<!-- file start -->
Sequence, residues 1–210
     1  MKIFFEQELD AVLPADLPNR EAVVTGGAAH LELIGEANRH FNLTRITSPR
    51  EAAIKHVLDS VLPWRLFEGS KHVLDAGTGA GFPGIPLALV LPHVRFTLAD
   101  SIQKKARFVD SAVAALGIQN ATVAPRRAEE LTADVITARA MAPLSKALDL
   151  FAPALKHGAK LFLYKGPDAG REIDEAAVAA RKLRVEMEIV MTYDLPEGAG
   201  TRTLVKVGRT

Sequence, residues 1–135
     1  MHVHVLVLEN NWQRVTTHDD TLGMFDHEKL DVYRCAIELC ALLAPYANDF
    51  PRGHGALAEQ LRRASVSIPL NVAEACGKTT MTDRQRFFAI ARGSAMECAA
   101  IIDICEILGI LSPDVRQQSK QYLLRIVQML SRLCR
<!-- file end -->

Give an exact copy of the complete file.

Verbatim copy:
Sequence, residues 1–210
     1  MKIFFEQELD AVLPADLPNR EAVVTGGAAH LELIGEANRH FNLTRITSPR
    51  EAAIKHVLDS VLPWRLFEGS KHVLDAGTGA GFPGIPLALV LPHVRFTLAD
   101  SIQKKARFVD SAVAALGIQN ATVAPRRAEE LTADVITARA MAPLSKALDL
   151  FAPALKHGAK LFLYKGPDAG REIDEAAVAA RKLRVEMEIV MTYDLPEGAG
   201  TRTLVKVGRT

Sequence, residues 1–135
     1  MHVHVLVLEN NWQRVTTHDD TLGMFDHEKL DVYRCAIELC ALLAPYANDF
    51  PRGHGALAEQ LRRASVSIPL NVAEACGKTT MTDRQRFFAI ARGSAMECAA
   101  IIDICEILGI LSPDVRQQSK QYLLRIVQML SRLCR